"I tried to shoot a little, but I struggled," he said. "I couldn't do it."

Reporters laughed nervously when Deng led off his news conference with a cough, but got very serious as he listed his medical problems.

"I started having severe headaches, was struggling to walk," he said. "I started feeling really weak, started throwing up, constant diarrhea. I couldn't control my body, really."

A second blood patch procedure helped, he said. But he doesn't feel good. Forget basketball shape -- he's just trying to walk around.

"I'm weak and I have headaches," he said. "When I'm moving around a lot, my headache increases, that's really the main thing."

So yeah, I don't see him bodying up LeBron James anytime soon. I'd be shocked if we saw Deng again this series, but I wouldn't count him out. If he can play in, say, Game 5, he will. You can say he shouldn't, but it's Deng's body and his life.

That's why I supported his playing in the Olympics with a torn ligament in his wrist. Some thought he should've gotten surgery for the good of the team. But Deng knows his limitations. He played through that injury in London, for England, his adopted country, and through 75 games in the regular season, leading the league for the second straight time in minutes per game.

While some angry Rose critics would use Deng's toughness as a cudgel against Rose's reputation, the small forward would disagree.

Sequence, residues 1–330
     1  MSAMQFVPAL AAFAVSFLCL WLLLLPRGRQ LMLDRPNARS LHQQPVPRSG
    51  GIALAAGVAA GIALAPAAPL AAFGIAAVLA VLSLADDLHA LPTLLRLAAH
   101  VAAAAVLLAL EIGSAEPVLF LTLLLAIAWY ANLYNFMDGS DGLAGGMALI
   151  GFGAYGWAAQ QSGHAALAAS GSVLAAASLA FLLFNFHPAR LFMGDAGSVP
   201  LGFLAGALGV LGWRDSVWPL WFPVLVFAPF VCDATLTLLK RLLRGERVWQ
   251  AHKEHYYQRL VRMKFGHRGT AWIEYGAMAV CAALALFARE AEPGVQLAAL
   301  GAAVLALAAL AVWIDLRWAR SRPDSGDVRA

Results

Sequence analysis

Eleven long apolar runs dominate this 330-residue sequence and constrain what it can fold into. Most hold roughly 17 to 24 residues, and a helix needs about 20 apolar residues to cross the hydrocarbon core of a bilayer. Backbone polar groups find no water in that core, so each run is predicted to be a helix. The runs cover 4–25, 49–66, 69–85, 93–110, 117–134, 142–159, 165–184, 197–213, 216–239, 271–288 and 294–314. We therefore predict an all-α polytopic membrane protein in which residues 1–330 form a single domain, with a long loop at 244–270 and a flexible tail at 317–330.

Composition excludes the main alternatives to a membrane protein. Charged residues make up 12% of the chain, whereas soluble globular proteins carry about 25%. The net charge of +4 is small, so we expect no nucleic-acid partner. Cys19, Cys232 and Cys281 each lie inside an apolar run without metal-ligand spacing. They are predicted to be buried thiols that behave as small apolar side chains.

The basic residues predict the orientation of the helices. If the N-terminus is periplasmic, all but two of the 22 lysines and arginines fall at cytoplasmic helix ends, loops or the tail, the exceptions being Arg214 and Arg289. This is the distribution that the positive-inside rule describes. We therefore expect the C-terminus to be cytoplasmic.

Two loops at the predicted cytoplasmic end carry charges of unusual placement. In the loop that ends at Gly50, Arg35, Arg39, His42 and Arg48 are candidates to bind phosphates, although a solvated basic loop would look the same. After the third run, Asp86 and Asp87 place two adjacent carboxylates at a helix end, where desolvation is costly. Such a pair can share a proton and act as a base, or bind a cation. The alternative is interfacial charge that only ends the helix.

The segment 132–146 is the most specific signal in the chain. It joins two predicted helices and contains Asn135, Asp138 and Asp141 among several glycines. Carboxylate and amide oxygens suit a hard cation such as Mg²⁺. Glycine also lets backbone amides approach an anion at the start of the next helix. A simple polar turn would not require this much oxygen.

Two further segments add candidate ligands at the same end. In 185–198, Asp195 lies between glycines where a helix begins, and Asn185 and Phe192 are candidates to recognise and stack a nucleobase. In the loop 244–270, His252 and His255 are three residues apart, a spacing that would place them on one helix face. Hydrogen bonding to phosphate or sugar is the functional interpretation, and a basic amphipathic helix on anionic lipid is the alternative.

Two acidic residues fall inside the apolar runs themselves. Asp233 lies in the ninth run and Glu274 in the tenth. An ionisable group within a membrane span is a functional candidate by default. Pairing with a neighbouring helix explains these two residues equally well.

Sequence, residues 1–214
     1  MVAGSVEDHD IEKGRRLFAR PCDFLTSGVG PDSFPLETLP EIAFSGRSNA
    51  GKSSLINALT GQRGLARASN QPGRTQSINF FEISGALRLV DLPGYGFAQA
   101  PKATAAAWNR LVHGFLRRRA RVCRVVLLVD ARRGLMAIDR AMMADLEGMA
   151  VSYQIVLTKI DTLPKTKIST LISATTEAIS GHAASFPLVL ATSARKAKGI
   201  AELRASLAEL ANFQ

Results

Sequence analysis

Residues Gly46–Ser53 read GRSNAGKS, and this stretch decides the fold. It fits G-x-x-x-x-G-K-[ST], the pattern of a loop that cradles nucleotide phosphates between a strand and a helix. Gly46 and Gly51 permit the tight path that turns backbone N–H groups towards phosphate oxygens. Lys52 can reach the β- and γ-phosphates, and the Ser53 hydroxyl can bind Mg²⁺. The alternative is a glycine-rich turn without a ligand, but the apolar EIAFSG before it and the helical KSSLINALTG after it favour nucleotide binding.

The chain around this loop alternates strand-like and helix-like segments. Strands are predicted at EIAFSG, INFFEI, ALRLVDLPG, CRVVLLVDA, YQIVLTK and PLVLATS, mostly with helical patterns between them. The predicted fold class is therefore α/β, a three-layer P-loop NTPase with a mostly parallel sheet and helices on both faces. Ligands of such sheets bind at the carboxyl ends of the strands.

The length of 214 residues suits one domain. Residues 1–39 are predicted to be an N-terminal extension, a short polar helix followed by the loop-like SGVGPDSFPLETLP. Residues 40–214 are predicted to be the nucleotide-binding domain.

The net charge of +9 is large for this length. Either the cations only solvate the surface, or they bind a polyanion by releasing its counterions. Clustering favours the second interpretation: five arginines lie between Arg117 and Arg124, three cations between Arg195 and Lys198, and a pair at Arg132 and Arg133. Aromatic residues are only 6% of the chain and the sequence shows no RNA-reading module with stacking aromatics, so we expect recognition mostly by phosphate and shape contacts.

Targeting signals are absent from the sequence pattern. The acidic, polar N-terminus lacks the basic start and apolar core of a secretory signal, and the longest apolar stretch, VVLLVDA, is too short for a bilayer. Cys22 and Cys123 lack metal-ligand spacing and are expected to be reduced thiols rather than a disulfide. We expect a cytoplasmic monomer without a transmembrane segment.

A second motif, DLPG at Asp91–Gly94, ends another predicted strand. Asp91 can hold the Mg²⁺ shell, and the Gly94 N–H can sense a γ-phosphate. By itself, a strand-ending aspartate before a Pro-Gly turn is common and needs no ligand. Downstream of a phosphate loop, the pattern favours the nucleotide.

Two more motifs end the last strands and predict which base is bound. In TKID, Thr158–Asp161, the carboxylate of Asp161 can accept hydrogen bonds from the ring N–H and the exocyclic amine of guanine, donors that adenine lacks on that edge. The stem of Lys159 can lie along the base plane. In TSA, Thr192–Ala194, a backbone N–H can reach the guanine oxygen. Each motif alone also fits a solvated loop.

Deng knows how the public's perception of an athlete's injury can be skewed, and how it can be twisted by misinformation, even by your own team.

In early March 2009, the Bulls released a letter from the team's doctor saying the sidelined Deng needed "active rest" and was "encouraged to challenge himself physically" before an "expeditious return to play." Deng, who had just signed a long-term deal, got a second opinion from a doctor and didn't play again that season, missing out on an exciting first-round playoff loss to Boston.

A few weeks ago, Deng spoke to the team's website reporter Sam Smith about the similarities in public reaction between his injury and Rose's surgically repaired ACL.

"I had a broken leg," Deng told Smith recently. "That's the bottom line. I had a broken leg. But no one, excuse my language, gave [a darn]. To me, there was nothing like that [I had ever experienced]. I don't think I can go through anything for the rest of my career that's going to affect me as much as that did."

The criticism of Rose bothered him, he said.

In 2010, as Deng repaired his reputation, he told me, "What bothered me was that people think I care about money more than the love of the game. But the reason I got the money was because of the love of the game."

I'm sure Rose, who laughably denies knowing about any criticism of his health, feels the same. Maybe it will drive him like Deng when he returns. There are worse people to emulate.

I don't buy that the Bulls, their trainers and doctors don't have the players' best interests in mind. But this is a game that requires athletes to play through injury. There is a fine line between tough and foolish, and it's not always clear which side one is on. Some guys need pushing and others need help stepping back.

I do know it's easy to ruin a guy's name through anonymous sources and unfettered opinions from the sideline. But this is the price to pay when you're a famous, rich athlete. You have to deal with speculation and mud-slinging. It's part of the deal.

There is no question about Deng's status in Chicago. The name Luol Deng will always be respected here. He's earned that and more.

Now get some rest, Luol. As your coach likes to say, your teammates have more than enough to win with until you get back.

Jon Greenberg

Columnist, ESPNChicago.com
Jon Greenberg is a columnist for ESPNChicago.com. He has lived and worked in Chicago since 2003, and is a graduate of Ohio University and the University of Chicago.